Athletic trainers stepped in to fill a variety of health care roles as the pandemic stretched on, and instructors and students with the University of Idaho’s athletic training program say in many ways, their work is only just beginning.

UI assistant professor Matthew Smitley, who also is the director of the university’s master’s degree program in athletic training, said as the pandemic played out, athletic trainers around the country were tapped to help screen and test for prospective COVID-19 patients and, in some cases, even aided in placing those in critical condition on ventilators. At the same time, he said, others had to create entirely new policies and procedures for returning patients who had previously been COVID-positive to a normal level of activity.

“COVID’s new -- I mean, no one knows what it does to the body completely yet, we don’t know the long term impacts on that,” he said. “We are on the front lines, essentially holding the flashlight on a dark path here and saying, ‘We’ve got to figure out what the best path forward is.’”

As sports schedules begin to resume -- some during what is traditionally their off-season -- Smitley said the work of athletic trainers has compounded. He said the aspects of their practice related to COVID-19 is already a full-time job, but it’s now being done in addition to their regular responsibilities, like injury prevention and diagnosis.

Smitley said this pressure has been further exacerbated by the way off-set sports seasons have stacked on top of one another this spring as they receive the green light to resume. He noted sports like football and soccer, which traditionally conclude in the fall semester, are holding games and practices right now, in addition to sports like baseball, tennis and track, which traditionally take place in the spring.

“It’s essentially doubled our workload as a profession,” he said.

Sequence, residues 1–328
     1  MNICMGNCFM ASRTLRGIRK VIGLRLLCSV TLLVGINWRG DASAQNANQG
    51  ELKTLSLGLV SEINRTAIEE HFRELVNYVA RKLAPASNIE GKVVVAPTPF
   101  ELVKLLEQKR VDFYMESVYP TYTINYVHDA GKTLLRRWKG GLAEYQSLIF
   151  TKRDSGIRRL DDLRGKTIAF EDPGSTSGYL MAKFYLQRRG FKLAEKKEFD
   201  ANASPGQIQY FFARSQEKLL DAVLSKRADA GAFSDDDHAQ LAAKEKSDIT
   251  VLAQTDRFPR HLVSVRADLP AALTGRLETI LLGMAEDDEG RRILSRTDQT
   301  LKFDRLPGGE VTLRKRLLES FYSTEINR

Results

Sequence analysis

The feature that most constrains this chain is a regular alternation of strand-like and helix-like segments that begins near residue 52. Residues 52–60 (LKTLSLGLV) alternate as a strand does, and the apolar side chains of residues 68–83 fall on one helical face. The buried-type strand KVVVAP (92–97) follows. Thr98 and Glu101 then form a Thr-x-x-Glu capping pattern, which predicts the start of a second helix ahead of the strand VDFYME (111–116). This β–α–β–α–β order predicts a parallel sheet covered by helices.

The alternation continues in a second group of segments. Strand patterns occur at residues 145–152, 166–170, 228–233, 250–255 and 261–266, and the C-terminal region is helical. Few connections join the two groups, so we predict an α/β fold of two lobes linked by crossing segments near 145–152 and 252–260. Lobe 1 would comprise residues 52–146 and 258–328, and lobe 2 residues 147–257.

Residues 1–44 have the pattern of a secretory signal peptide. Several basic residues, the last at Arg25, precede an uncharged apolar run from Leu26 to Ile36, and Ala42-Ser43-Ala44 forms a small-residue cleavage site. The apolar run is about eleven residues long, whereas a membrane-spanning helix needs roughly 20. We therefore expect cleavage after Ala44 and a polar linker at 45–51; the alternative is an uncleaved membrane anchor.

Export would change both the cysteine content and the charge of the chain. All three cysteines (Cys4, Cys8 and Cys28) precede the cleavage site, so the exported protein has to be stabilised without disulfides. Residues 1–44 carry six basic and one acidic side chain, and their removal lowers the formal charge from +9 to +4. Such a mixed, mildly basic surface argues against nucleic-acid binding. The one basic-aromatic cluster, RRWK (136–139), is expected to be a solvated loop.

Val Zwaanstra, who is in her second year with the program, said she was tapped to assist with COVID-19 testing. She said they had two hours blocked off almost every day that was reserved for testing, and it often cut into time they would have used to work with patients.

“At first it was kind of overwhelming, but then it just kind of became the norm; throughout the semester, we just kind of got used to it,” she said.

Zwaanstra’s classmate, Ryan Clark, said he also assisted with testing and agreed that it’s been a stressful year.

“I’ve been told that this has been the hardest year that anyone’s ever had to go through as far as working in athletic training -- that this has been a year unlike any other,” Clark said. “I think it’s definitely overwhelming at times because of just the sheer number of things that we have to do.”

Smitley said he is hopeful that, coming out of this crisis, the health care industry and the general public will have a new appreciation for the expertise athletic trainers bring to the table. He said while they’re an allied health care profession that is recognized by other health care professions, athletic training typically goes under-appreciated despite the wide variety of ways they can meaningfully contribute to the health care system as a whole.

“Athletic training is kind of an under-recognized profession, just because so much of what we do is behind the scenes,” he said. “We’re not just the ankle-tapers, we’re not just the people that stretch patients, we have so many skills and so it’s important for us to be recognized for the diversity of what we’re able to do.”

Jackson can be reached at (208) 883-4636, or by email to sjackson@dnews.com.

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